Yes, having religious teachers, rather than self education has been one of the reasons Islam has been able to develop into a fairly peaceful religion. In this way, they were able to disregard the more intolerant / violent tendancies of the Quran.

I understand why it is taught by Imams and scholars. Firstly there's no chronology to the Quran / Hadiths. Secondly there is no context. Thirdly, the Hadiths vary in value / reliability. and Lastly, most muslims don't speak Arabic. The first 3 alone created huge problems.

What has changed in the last decade, is access to the internet. Now, Muslims (and non Muslims) are able to look into the founding texts for themselves. They are able to establish the chronology, and the context. They are able to compare how these matched (or didn't match) the behaviour of Mohammad. Changed too is the social media aspect (youtube / facebook etc), and it's impact upon Muslims who hold to the Islamic concept of Umma.

What has changed since the 1970's, is the rise of Saudi Arabia, and it's exportation of it's particular brand of Salafism / Wahabism.

Also changed is the conflict landscape around the Middle East.
------------------------------------------------------------------------

In terms of violent tendancies of the Quran - those who would have understood the interpretation best, the direct followers of Mohammad (those who he spoke to), and the following several generations...committed to war until they had spread from the Arabian peninsula to India, to the Atlantic. Ocean...all in the next 2oo years.

This behaviour is in direct correlation with the behaviour of Mohammad towards the end of his life, and the last commands Mohammad gave - Surah 9.
-----------------------------------------------------------------------
The two major texts on which Abrogation is based ( inserted for non-Muslims. I'm sure Muslims know them)

https://en.wikipedia.org/wiki/Naskh_(tafsir)

Quote:
None of Our revelations do We abrogate or cause to be forgotten, but We substitute something better or similar: Knowest thou not that Allah Hath power over all things?
— Qur'an 2:106, [1][4]

When We substitute one revelation for another, – and Allah knows best what He reveals (in stages),– they say, "Thou art but a forger": but most of them understand not.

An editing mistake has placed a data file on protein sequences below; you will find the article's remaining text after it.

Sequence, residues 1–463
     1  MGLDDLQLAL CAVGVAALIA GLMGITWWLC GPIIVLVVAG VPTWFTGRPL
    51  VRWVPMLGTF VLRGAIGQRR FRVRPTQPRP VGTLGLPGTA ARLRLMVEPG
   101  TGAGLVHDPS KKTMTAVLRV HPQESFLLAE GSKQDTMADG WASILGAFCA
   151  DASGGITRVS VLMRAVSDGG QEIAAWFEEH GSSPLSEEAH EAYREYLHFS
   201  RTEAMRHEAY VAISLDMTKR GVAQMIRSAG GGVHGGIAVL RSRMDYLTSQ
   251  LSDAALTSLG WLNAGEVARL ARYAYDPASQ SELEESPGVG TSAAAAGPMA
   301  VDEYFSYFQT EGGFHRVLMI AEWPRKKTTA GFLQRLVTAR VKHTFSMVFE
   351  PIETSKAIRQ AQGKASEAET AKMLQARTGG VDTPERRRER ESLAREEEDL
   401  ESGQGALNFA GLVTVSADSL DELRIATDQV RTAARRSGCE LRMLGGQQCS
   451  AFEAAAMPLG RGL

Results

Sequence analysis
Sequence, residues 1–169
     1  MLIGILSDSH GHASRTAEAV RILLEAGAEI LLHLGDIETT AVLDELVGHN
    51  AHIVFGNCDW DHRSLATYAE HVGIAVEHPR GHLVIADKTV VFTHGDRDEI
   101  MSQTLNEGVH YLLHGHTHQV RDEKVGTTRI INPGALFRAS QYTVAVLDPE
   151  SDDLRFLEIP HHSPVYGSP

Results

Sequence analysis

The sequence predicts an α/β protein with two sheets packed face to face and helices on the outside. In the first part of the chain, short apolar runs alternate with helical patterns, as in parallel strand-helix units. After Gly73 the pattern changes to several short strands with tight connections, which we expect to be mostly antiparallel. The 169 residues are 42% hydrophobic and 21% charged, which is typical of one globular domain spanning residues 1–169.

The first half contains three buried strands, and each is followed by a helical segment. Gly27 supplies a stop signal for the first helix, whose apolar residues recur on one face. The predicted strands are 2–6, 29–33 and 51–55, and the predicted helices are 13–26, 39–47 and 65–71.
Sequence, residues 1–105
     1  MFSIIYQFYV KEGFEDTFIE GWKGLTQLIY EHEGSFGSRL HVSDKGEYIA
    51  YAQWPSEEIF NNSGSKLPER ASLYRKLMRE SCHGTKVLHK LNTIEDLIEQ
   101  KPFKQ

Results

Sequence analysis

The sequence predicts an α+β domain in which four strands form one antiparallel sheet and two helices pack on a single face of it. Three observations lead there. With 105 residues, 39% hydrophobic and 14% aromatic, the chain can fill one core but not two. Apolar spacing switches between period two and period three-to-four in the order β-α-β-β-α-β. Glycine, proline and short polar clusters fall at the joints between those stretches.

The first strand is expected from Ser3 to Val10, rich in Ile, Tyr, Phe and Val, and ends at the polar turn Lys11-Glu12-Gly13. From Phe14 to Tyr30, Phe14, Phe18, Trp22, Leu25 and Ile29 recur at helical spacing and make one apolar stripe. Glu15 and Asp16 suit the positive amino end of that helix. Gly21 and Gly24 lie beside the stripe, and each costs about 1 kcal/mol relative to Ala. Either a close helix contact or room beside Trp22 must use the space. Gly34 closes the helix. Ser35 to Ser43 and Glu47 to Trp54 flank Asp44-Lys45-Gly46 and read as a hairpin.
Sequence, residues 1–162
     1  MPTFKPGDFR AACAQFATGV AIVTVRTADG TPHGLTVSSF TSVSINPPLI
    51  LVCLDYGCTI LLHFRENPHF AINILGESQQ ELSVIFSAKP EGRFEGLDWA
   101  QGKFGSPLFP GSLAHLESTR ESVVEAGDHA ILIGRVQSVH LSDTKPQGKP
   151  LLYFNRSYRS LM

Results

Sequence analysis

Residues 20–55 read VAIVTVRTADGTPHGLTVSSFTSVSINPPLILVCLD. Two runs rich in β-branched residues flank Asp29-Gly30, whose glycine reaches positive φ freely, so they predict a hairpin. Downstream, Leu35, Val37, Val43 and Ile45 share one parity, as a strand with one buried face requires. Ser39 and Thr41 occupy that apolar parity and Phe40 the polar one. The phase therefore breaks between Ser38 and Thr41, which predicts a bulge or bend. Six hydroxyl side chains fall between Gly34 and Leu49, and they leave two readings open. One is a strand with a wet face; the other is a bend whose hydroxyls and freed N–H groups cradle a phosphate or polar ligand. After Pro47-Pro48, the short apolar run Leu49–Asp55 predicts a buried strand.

— Qur'an 16:101, [2][4]

----------------------------------------------------------------------------
Quote:
2.255 and 2.256 are one of the firmest verses of Quran (to understand the meaning of firm, please see Muhkamat and Mutashabihat), A firm Ayah doesn't abrogate by any other Ayah.
How then, do you resolve the glaring contradictions then, between that, and what is in Surah 9?
------------------------------------------------------------------------

Quote:
Having a girl child was a shame for families. Worse than that, killing a girl child was a value. In such a society, he kissed the hands of his girl and said, Women are nearer to God than men because their heart is milder.
He had plenty of good qualities. By all reports he was very charasmatic, a good judge of people, a fine military leader, a great politician, and show compassion and understanding in many places...that doesn't mean he wasn't also a warrior prophet, not does it mean that he didn't leave a legacy that created both good, and bad.

perennialloner
 
  1  
Reply Tue 13 Sep, 2016 03:23 pm
@vikorr,
Quote:
*cough* even the religion itself differentiates between the religion, and the person who is a follower:


That is not the point. You are judging Muslims. You may say you aren't, but you are. Yes there is a distinction b/w the religion and the follower of the religion, but you still think that Muslims, the followers of the religion, are more likely to be bad ppl and do bad things, precisely because Islam, the religion, is -- in your view -- a uniquely dangerous and violent ideology, which means-- coming full circle -- its adherents are in a state of mind that makes them more susceptible to bigotry and violence.

On another note--
Islam cannot be defined in whatever terms you see fit, but you have ignored that and taken it upon yourself to reduce the religion to an ideology which you have constructed. With this ideology you have constructed to characterize Islam, you have determined that the bad Muslims are the ones who actually follow it and the good Muslims only think they follow Islam's ideology but are really just lying to themselves. They apparently don't follow an Islamic ideology. If they did, it would mean you'd need to reevaluate your definition of Islam, which obviously doesn't suit your agenda.

Quote:
Ideas as we know, are always found in the leadup to wars, and always found in the leadup to terrorist events. Such negative ideas should be able to be criticised.


yes negative ideas should be criticized. however they should not be seen as representative of the views of self-identifying Muslims around the world, who are indeed Muslim, follow an ideology of Islam, and do not subscribe to such negative ideas.